1) The pollutant reduction component of the Alluvium/Great Barrier Reef Foundation (GBRF) investment tool for hillslope and streambank erosion management projects; 

2) The Reef Trust Gully Toolbox method for gully erosion management projects. The LDC Water Quality Report 2020 (Waterhouse et al., 2020) highlights that a number of assumptions underlay these calculations, therefore these figures should be treated as the best available estimate of sediment reductions to date.

Preventing sediment from reaching the Great Barrier Reef

Each wet season sediment is washed into local waterways and out to the Great Barrier Reef (GBR). 

Most sediment is very fine, and can stay suspended for a long time and can travel great distances. Valuable topsoil is lost from production, and increased concentrations on the reef can be harmful to seagrasses and corals.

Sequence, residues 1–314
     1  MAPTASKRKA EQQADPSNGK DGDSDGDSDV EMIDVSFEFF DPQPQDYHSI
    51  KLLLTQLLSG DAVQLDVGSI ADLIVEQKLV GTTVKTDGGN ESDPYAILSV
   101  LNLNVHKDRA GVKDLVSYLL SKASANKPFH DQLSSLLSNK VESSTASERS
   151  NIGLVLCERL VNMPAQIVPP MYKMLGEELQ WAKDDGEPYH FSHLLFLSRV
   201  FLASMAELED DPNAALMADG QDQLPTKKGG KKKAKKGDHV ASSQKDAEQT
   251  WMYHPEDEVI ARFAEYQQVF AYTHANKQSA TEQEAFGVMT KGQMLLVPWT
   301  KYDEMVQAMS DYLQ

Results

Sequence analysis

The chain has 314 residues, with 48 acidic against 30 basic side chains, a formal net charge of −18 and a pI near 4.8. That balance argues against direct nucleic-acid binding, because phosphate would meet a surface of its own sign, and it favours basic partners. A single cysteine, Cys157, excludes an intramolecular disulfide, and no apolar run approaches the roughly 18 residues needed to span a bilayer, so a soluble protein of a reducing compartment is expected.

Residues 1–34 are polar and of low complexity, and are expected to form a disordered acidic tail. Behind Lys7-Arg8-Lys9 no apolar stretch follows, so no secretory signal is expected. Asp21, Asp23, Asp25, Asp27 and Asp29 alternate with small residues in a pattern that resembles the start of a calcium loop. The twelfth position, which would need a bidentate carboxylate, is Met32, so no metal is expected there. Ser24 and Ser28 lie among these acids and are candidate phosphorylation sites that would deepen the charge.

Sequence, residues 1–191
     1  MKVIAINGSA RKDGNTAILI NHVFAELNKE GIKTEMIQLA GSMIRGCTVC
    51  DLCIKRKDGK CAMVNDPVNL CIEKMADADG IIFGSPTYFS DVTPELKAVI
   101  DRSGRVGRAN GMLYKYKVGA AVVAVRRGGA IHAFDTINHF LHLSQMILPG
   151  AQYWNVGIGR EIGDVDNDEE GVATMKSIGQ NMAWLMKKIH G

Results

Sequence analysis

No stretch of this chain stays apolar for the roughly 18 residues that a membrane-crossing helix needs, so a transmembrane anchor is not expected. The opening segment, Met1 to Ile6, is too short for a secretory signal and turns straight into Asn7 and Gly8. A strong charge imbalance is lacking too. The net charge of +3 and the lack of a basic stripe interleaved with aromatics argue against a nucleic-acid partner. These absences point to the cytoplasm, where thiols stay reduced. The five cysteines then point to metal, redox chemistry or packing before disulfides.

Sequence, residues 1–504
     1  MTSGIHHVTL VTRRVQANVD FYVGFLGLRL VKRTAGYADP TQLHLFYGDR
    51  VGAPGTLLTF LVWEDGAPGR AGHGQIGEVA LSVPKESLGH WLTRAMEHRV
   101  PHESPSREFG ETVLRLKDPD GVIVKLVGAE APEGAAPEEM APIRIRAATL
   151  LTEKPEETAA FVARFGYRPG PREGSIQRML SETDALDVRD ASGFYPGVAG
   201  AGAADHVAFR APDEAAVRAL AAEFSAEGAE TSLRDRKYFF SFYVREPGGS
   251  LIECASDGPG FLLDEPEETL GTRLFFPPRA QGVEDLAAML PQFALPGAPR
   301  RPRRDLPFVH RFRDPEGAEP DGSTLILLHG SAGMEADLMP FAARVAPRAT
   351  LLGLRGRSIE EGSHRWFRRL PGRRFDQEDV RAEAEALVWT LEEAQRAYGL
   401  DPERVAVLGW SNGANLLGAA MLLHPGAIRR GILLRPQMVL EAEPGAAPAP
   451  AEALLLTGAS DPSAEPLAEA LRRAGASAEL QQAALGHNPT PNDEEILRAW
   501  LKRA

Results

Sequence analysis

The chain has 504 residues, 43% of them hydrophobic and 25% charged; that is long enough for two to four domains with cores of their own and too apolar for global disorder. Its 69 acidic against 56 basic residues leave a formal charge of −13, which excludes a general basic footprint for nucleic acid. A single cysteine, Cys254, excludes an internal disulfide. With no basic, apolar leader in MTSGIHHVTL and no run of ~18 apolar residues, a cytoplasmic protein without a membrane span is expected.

Landholders in the BBB have completed 69 on-ground water quality practice changes, and it is estimated that these have contributed a fine sediment reduction of 6,154 tonnes per year from reaching the GBR. 

Of this, approximately half of the sediment savings are attributable to grazing land management changes on hillslopes and streambanks, and the other half as a result of gully remediation treatments across a broad range of scales, as shown in the graphs above. 

The table below also highlights the relatively small area of intervention in the gully management projects compared to the large sediment savings that these can achieve - 60 per cent of the sediment savings over only 4 per cent of the project area.

Table 1. Estimated sediment reductions (tonnes) from projects completed in the LDC Project to date.

KEQ #2

*GLMWW = Grazing Land Management Wire and Water